Answer Applies to: California
    Replied: 9/24/2012
    Law Office of Phillip Weiser
    Law Office of Phillip Weiser | Phillip L. Weiser
    Most likely probation and an order to repay the damages.
    Answer Applies to: Kansas
    Replied: 9/24/2012
    Lawrence Lewis
    Lawrence Lewis | Lawrence Lewis, PC
    It depends on the prior criminal history, the victim, the prosecutor and the expereince of the criminal defense attorney.
    Answer Applies to: Georgia
    Replied: 9/24/2012
    Thomas J. Tomko Attorney At law
    Thomas J. Tomko Attorney At law | Thomas J. Tomko
    The result will depend on many things. If a juvenile, then there are a number of potions. If an adult, there are still some options, but it will depend on a number of things. In either situation, the record of the person, the disposition of the property (e.g. whether there is insurance, etc), and the motivation of the victim(s) will come into play. The best advice is to discuss this with your attorney when you are charged. Discussions about sentencing guidelines, diversion, 771.1 or other options can be discussed.
    Answer Applies to: Michigan
    Replied: 9/24/2012
    Freeborn Law Offices, P.S.
    Freeborn Law Offices, P.S. | Steve Freeborn
    I do not know enough about your case.... was alcohol involved? were you charged with DUI??... what are the underlying facts?? $12,400 sounds like a felony charge..... do you have any prior criminal history. I would need answers to all these questions.
    Answer Applies to: Washington
    Replied: 9/24/2012
    Andersen Law PLLC
    Andersen Law PLLC | Craig Andersen
    Depends on the person's felony history but it's not absolute.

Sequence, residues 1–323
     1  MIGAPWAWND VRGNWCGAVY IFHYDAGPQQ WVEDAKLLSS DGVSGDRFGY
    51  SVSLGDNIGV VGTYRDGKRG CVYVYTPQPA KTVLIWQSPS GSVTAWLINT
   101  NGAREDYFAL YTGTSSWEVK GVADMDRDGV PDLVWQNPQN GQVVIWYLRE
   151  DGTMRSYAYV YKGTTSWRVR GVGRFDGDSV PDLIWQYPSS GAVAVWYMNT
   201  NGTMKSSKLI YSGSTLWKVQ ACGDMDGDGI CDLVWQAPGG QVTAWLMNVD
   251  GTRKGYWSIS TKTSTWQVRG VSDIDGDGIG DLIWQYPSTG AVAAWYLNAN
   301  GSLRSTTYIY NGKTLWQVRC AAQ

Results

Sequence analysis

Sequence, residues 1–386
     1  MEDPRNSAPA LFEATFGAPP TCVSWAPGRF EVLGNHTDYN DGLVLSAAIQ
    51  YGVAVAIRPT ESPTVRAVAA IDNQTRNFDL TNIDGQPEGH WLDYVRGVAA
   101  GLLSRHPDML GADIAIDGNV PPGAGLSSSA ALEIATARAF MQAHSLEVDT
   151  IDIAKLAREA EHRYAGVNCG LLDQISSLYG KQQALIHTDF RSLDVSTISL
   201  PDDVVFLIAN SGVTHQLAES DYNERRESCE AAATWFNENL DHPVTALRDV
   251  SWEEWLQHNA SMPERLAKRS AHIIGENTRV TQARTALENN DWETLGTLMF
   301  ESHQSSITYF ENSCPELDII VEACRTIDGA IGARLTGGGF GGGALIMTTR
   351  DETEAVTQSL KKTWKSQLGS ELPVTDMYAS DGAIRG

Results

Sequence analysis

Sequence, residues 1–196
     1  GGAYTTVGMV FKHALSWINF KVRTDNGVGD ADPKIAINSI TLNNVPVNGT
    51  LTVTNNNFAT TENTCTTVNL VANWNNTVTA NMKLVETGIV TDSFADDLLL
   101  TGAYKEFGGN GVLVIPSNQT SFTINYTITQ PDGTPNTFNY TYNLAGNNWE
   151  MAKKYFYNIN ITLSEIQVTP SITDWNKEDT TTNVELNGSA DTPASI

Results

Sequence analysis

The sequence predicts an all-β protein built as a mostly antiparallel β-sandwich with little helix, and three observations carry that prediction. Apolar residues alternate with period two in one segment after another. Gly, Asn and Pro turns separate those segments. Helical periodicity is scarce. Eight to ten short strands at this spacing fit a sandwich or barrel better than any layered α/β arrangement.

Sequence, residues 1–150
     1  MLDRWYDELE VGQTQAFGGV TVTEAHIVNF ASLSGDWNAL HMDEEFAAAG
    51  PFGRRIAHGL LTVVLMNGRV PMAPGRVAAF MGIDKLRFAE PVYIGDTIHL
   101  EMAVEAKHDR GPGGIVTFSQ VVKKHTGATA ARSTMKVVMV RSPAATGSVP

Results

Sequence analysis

Answer Applies to: Washington
    Replied: 9/24/2012
    Connell-Savela
    Connell-Savela | Jason Savela
    This could be a felony but can be pled down. If no other record, likely probation with payment of restitution.
    Answer Applies to: Colorado
    Replied: 9/24/2012
    Mace J. Yampolsky, LTD
    Mace J. Yampolsky, LTD | Mace Yampolsky
    This depends please consult an attorney properly.
    Answer Applies to: Nevada
    Replied: 9/24/2012
    Leonard A. Kaanta, P.C. | Leonard A. Kaanta
    It would be a felony, but the sentence could vary do to other variables.
    Answer Applies to: Michigan
    Replied: 9/24/2012
    Attorney at Law | Michael P. Vollandt
    Restitution for sure and some substantial jail time if not prison.
    Answer Applies to: California
    Replied: 9/24/2012
    Gary Moore, Attorney at Law
    Gary Moore, Attorney at Law | Gary Moore
    He could go to jail, but also, could get probation.
    Answer Applies to: New Jersey
    Replied: 9/24/2012
    Law Office of Jeff Yeh
    Law Office of Jeff Yeh | Jeff Yeh
    Felony vandalism with state prison sentence.
    Answer Applies to: California
    Replied: 9/24/2012
    Douglas M. Philpott, P.C. | Peter J. Philpott
    Maybe jail, probation, and will have to pay restitution.
    Answer Applies to: Michigan
    Replied: 9/24/2012
    R. Jason de Groot, P.A
    R. Jason de Groot, P.A | R. Jason de Groot
    The maximum would be 5 years in prison, but that is not likely, and more facts need to be known before an answer can be given. What, exactly, are the charges?
    Answer Applies to: Florida
    Replied: 9/24/2012
    Beaulier Law Office
    Beaulier Law Office | Maury Beaulier
    The answer depends on many things, including the particular facts of the case, the person's age, mitigating circumstances and more. You must have the case reviewed by legal counsel.
    Answer Applies to: Minnesota
    Replied: 9/24/2012